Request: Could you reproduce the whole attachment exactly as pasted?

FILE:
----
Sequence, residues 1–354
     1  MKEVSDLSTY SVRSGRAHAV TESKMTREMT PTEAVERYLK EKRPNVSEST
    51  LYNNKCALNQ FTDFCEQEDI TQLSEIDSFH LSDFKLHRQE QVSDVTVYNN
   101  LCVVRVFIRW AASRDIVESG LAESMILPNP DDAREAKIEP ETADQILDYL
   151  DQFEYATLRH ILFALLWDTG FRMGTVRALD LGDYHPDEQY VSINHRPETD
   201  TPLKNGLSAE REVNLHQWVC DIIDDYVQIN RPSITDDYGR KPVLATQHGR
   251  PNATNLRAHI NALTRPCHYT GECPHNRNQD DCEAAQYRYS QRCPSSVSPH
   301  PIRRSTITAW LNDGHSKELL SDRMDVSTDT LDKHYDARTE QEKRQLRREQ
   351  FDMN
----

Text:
Sequence, residues 1–354
     1  MKEVSDLSTY SVRSGRAHAV TESKMTREMT PTEAVERYLK EKRPNVSEST
    51  LYNNKCALNQ FTDFCEQEDI TQLSEIDSFH LSDFKLHRQE QVSDVTVYNN
   101  LCVVRVFIRW AASRDIVESG LAESMILPNP DDAREAKIEP ETADQILDYL
   151  DQFEYATLRH ILFALLWDTG FRMGTVRALD LGDYHPDEQY VSINHRPETD
   201  TPLKNGLSAE REVNLHQWVC DIIDDYVQIN RPSITDDYGR KPVLATQHGR
   251  PNATNLRAHI NALTRPCHYT GECPHNRNQD DCEAAQYRYS QRCPSSVSPH
   301  PIRRSTITAW LNDGHSKELL SDRMDVSTDT LDKHYDARTE QEKRQLRREQ
   351  FDMN